Harrison County Clerk Says Electronic Voting Machines Are Very User-Friendly

News & Journal Editor

Harrison County’s new electronic voting equipment was used for the first time for the school levy in December … then used again in the May primary election. They will be used once again for November’s General Election. By the time the next election rolls around, there may be NO paper ballots, according to Harrison County Clerk Susan Thomas.
“Many people still preferred paper ballots during the primary, but we did have some voters who were willing to try the new equipment without much fuss,” she stated. “Sometimes they needed a little help, but help was available. We want to encourage folks to use these machines because before long (probably by 2018), electronic voting will be the ONLY way to vote!”
In an attempt to familiarize people with the new machines and to help them feel more comfortable, Mrs. Thomas is taking the time to visit at various locales throughout the county prior to November to give demonstrations and show voters how easy it is.”
Thomas said they are working diligently to have more poll workers during the General Election to make things run more smoothly. And they have acquired 40 more voting machines to add to the 300 they already have. In addition, there will be privacy screens for the electronic equipment so that those sitting next to you can’t see how you mark your ballot.
“We had a great turnout during the primary and I anticipate this being the biggest election I will ever see in November,” she added.
Thomas said that four counties in West Virginia use this same equipment and it has proven to be very reliable. She also related some of the advantages of electronic voting.
“It is truly very use-friendly,” she said. “For example, on a paper ballot, let’s say that you make a mistake and vote for five candidates for an office instead of just four. The entire paper ballot would have to be thrown out. However, with the electronic method, the machine would not allow you to vote for more than you are supposed to.”
Other electronic ‘perks’ are that they provide easy readability, voters can sit comfortably while voting, and it is all touch screen! In addition, electronic voting technology can speed the counting of ballots, reduce the cost of paying staff to count votes manually, and can provide improved accessibility for disabled voters.

“I realize that people are for the most part ‘creatures of habit’ and they don’t like ‘change’!” she continued. “Some people, particularly older voters, are rather intimidated by using the new equipment. But it is not a computer with a keyboard for typing. It only requires a touch of the fingertip … and if you make a mistake, you CAN go back and correct it. I think that once people understand the simplicity of this electronic equipment and how user-friendly it is, they will see just how very simple and fast it can be.”
That is the purpose of Thomas conducting these demonstrations – to give one-on-one instruction to ease voter fears of something new! The demonstration locales are as follows:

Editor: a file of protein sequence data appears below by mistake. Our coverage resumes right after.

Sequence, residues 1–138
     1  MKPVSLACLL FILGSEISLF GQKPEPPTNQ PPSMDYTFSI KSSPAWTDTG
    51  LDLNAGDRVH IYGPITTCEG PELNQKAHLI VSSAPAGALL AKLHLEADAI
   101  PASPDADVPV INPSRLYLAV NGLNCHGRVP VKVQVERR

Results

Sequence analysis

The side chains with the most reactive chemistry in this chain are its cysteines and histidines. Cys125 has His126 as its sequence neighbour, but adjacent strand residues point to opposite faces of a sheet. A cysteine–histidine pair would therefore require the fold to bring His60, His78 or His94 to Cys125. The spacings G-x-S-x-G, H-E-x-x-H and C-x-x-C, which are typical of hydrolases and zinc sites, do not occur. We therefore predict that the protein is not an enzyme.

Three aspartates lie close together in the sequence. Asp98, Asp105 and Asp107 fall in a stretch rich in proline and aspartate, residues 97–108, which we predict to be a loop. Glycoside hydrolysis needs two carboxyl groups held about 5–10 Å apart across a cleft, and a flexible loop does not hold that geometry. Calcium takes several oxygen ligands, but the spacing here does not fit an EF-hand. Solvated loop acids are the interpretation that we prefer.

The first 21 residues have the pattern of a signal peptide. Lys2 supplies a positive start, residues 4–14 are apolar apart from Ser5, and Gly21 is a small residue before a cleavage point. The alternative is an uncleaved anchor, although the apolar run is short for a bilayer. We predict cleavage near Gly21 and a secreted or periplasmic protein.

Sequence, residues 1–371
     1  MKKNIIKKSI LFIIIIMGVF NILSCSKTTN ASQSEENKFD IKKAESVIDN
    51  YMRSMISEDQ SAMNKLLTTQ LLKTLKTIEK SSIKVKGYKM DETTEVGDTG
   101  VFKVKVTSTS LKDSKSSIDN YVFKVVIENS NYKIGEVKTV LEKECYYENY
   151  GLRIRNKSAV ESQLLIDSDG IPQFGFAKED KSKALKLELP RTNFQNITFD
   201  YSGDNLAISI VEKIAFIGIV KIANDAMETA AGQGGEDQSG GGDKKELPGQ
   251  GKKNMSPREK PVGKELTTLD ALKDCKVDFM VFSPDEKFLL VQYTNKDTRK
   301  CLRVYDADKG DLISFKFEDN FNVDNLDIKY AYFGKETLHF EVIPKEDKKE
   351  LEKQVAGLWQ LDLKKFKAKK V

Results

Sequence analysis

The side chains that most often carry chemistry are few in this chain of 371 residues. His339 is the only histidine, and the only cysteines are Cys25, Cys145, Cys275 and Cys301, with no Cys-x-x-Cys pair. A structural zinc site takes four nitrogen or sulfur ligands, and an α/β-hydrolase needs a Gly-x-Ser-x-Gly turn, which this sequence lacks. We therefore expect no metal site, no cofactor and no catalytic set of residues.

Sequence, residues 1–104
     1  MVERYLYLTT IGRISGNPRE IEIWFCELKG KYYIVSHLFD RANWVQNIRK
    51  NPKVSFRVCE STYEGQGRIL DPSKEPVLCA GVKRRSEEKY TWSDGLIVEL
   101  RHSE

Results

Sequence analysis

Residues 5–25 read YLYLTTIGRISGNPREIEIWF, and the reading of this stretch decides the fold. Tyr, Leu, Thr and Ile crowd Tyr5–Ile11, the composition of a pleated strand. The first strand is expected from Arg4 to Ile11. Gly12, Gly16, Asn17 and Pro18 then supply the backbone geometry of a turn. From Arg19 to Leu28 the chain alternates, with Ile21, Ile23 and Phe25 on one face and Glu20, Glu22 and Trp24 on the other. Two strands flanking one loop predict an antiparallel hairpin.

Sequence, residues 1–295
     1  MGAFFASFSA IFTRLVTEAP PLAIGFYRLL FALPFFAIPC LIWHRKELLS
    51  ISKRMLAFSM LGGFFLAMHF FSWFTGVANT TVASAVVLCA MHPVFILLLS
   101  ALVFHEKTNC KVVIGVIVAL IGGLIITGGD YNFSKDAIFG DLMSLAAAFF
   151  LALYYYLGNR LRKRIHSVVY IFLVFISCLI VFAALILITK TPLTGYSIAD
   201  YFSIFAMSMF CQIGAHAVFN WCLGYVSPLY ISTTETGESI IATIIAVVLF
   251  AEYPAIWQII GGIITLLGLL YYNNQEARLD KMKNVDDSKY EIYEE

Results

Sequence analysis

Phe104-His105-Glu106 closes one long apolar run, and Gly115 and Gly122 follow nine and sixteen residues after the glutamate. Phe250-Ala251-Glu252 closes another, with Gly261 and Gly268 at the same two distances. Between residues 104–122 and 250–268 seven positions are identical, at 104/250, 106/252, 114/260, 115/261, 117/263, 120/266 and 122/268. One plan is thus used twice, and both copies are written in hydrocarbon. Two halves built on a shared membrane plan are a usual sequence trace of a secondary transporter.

• West Milford Community Center, Sept. 12th, 10 a.m.
• Lost Creek Community Bldg., Sept. 12th, 11:30 a.m.
• Spelter Fire Department, Sept. 20th, 10 a.m.
• Lumberport Community Center, Sept. 20th, 11:30 a.m.
• Shinnston City Building, Sept. 20th, 2 p.m.
• Summit Park Fire Department, Sept. 22nd, 10 a.m.
• Meadowbrook Mall, Sept. 24th, 12 – 2 p.m.
• Parks & Recreation Bldg., Sept. 26th, 11 a.m.
• Northview St. James Church, Sept. 27th, 10 a.m.
• Duff St. United Methodist Church, Sept. 30th, 2 p.m.
• Courthouse Lobby, Sept. 30th, 10 a.m. – 12 p.m.
• Courthouse Lobby, Oct. 5th, 2 p.m.
• Harrison Co. Senior Center, Oct. 18th, 10:30 a.m.
• Harrison Co. Senior Center, Oct. 24th, 10:30 a.m.
Classes should involve no longer than one hour unless noted above.
Thomas says that with more machines in use during the General Election, she does not anticipate voters having a long wait time.
“AND if they become acquainted with the machines by attending the demos, it will make it easier as well. Add to that the fact that the ballot won’t be as long this time, so any lines we’re hoping will move swiftly,” she said.
Thomas also reminds everyone that early voting will take place beginning on October 26th through November 5th for the 2016 General Election. You may vote at the Courthouse on these dates from 8:30 a.m. to 4:30 p.m. Saturday hours will also be available at the Courthouse from 9 a.m. to 5 p.m.
Two other locations as well will be available for early voting – at the Meadowbrook Mall and at Eastpointe at the former Mountain State Dermatology office next to Medpointe. Hours at each of these locations will be from 10 a.m. to 4 p.m. on weekdays and on Saturday from 10 a.m. to 5 p.m.
“We want people to exercise their right to vote, and we are trying to make it as convenient and available to them as possible – particularly with Saturday hours for those who work through the week. We are doing our best to offer every opportunity for Harrison County voters to turn out and cast their votes!” she concluded.harrison-county-susan-thomas

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